INDIA’SWOMEN Their numbers are rising.
he saying ‘Days are slow but the years go by fast’ is so true. Long-distance running has gone from a trademark of masochists and compulsive dieters to a national pastime for people across ages, genders, abilities and, most importantly for those looking at fitness and healthy lifestyle.
Distance running, triathlons have become something of a casual hobby, with a slew of apps and online resources dedicated to getting people in marathon shape in only a few months. Lakhs of Indian across various age groups and genders have completed a 10K run, half and full marathon and also triathlon events. For them, every day is prime time to lace up shoes.
During marathons, ardent runners from across all age groups descend on the roads to pound the gravel. They have stories to tell as to what makes them passionate about running in their own worlds. From making their life more disciplined to making more of every minute lived, here are their reasons to make running a part of their lifestyle.
“Running and walking and other forms of exercise give an adrenaline rush. Exercise, in a way, is also addictive. So, once one gets running, they continue to do so because it has positive effects on their physical and emotional health. Monthly runs (2km, 5km and 10km) are organised in the apartment complex where I live.” “I think people are learning to enjoy the pleasures of physical exercise,” says Nayanika Muthukrishnan of Embassy Garden, Bengaluru.
“Fitness is an outlet, a way to unwind from my everyday activities and it provides me with positive energy and positive lifestyle behaviours and attitudes,” says Shyama Kundru, a marathoner of five years now.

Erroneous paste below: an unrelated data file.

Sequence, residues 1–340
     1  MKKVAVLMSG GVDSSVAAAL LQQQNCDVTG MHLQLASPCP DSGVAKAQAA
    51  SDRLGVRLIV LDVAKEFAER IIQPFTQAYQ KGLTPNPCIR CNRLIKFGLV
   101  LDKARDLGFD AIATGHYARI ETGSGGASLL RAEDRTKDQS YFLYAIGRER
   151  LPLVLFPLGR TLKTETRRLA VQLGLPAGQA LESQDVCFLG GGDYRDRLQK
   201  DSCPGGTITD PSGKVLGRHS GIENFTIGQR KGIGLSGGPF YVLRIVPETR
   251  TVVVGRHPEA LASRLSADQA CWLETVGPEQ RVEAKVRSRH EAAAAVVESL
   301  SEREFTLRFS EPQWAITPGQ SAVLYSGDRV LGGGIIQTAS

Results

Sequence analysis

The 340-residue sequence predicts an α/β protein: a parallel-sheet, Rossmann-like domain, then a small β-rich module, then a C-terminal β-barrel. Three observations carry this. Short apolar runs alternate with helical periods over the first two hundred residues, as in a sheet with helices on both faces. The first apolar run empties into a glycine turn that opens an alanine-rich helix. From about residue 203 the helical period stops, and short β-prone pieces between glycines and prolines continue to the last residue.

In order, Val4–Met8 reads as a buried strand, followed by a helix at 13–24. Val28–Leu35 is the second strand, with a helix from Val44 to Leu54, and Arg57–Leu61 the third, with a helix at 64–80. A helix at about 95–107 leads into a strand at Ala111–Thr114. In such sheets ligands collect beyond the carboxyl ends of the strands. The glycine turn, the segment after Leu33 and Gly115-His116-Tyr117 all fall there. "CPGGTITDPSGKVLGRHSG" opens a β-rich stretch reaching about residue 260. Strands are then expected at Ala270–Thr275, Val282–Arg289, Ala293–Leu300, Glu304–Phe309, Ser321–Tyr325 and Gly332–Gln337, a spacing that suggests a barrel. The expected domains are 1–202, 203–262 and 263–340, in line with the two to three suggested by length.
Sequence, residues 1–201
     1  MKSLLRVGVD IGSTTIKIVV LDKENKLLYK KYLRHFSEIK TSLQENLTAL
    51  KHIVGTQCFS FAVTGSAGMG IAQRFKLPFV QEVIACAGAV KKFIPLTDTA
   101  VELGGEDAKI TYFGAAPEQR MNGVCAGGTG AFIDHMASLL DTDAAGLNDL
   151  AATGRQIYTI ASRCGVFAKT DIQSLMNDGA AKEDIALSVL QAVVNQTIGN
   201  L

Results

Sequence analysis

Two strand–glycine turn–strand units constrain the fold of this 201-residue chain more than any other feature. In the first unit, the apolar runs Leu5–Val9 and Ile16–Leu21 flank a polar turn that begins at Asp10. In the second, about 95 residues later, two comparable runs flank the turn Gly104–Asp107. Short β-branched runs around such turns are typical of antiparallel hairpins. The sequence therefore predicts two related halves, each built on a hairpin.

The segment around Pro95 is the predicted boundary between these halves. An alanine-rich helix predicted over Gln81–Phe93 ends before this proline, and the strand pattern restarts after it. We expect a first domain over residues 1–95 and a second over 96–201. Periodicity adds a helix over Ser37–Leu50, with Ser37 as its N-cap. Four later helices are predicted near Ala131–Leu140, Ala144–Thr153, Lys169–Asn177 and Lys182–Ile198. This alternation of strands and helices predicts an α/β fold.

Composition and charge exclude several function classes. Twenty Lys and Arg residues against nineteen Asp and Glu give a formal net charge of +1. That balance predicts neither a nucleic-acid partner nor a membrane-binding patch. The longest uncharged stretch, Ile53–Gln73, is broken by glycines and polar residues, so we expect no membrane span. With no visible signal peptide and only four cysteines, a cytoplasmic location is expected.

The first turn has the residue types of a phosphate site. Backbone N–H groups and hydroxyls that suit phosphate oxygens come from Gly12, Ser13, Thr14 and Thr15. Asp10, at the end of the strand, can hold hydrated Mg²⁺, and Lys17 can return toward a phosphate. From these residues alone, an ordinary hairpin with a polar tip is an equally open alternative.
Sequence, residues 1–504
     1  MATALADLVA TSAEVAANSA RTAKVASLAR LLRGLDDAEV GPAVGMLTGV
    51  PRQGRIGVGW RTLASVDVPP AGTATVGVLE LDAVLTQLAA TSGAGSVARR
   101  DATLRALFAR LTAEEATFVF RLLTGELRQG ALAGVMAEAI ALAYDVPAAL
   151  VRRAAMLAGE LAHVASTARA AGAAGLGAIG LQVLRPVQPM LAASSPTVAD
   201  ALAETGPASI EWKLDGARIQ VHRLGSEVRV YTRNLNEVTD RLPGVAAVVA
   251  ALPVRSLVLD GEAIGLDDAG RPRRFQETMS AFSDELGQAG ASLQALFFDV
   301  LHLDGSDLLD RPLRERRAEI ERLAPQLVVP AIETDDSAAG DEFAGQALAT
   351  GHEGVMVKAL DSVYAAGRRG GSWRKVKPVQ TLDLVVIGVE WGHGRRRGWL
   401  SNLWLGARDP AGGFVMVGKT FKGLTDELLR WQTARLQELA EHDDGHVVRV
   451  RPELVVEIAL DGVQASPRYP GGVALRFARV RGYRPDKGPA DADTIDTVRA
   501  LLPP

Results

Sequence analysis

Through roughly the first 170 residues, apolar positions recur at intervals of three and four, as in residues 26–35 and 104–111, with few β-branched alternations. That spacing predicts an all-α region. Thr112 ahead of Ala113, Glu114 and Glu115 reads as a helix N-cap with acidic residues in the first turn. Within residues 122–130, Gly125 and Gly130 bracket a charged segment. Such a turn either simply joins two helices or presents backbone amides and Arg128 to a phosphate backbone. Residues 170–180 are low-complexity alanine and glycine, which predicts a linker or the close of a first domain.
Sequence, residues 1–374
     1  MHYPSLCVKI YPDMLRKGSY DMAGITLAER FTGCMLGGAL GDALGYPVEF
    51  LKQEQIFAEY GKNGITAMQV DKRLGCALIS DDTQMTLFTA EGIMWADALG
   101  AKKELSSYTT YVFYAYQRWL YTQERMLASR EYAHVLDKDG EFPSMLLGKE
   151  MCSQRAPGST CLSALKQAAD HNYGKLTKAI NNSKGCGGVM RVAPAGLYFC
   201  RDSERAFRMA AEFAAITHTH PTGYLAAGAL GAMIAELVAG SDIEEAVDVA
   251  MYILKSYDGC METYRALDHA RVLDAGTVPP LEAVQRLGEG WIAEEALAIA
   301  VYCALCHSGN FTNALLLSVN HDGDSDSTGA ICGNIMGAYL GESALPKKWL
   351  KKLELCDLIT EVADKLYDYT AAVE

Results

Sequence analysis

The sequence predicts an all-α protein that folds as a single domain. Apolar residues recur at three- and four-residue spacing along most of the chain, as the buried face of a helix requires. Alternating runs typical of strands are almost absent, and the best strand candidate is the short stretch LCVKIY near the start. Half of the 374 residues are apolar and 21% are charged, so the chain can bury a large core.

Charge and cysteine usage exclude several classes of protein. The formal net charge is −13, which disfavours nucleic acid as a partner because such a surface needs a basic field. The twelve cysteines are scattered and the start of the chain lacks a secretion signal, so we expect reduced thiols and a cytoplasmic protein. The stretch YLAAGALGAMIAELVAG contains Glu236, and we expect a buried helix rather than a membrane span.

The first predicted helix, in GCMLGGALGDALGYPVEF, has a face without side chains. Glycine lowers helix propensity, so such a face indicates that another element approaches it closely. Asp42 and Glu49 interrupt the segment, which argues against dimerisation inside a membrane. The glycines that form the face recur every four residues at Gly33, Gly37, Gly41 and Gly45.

Anjali Saraogi, mother of a teenaged daughter is 43 – an age when many athletes hang up their boots – and has proven yet again that age is just a number taking to the road when her 18-year-old daughter Mamta encouraged her to participate in a city marathon two years back.
“I haven't run a marathon and I tell you this, I have lived in an area where marathon events started barely 500 metres from my residence. Not just that I was always present at the events, by virtue of
Woman’s Era March (Second) 2018 ● being my husband's wife! I was there to cheer people. I always noticed a lot of enthusiasm, especially among first-time runners. I never looked for people who couldn't run beyond a certain distance because that was never the aim. What I saw was people huffing and puffing to the finish line. They didn't give up and that is commendable for those who couldn't run beyond the first 500 meters. There is always a first time to everything and first-time runners are expected to fall behind the more seasoned and experienced runners. These are the words of Sumitra Nagarajan of Chennai, who hopes to run at least a 3K soon.”
A national-level swimmer and holder of the Iron Man title, Milind believes that sport has transformational powers and that people tend to undermine its value, especially in India and for women. That is when he decided to start the Pinkathon. Milind says, “Today, endurance running has become a movement, a revolution. In a country like India, which has no culture of sport and where we do not consciously make healthy and different choices, for running to be popular, it had to appeal to something much deeper. I think
that it is a very primal instinct, as human beings are evolved to run. And that is why thousands of people who you never imagined would run are running marathons and ultra-marathons.”
Having been doing endurance running for over 14 years now, Milind noticed that running was gaining considerably in popularity, with everybody wanting to do a running event. However, he saw that the participation of women in these runs was only at six or seven per cent.
“But if you create a space that is only for women, they will think about it, as it is focused just on them,” he says.